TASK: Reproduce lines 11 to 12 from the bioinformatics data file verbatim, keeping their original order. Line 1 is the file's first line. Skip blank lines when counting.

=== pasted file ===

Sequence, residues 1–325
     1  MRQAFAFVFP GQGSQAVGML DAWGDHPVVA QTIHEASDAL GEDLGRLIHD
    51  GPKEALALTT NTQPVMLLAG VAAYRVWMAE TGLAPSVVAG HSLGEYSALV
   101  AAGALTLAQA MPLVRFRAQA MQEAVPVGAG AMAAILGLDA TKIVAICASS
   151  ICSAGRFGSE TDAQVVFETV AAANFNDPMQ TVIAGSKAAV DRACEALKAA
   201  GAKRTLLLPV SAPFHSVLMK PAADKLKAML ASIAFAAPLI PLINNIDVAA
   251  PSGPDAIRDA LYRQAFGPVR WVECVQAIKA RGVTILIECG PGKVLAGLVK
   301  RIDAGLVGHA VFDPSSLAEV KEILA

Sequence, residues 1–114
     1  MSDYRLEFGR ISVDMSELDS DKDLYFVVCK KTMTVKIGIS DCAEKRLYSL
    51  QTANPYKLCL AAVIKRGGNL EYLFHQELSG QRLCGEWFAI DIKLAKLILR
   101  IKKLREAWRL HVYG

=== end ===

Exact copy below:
    51  QTANPYKLCL AAVIKRGGNL EYLFHQELSG QRLCGEWFAI DIKLAKLILR
   101  IKKLREAWRL HVYG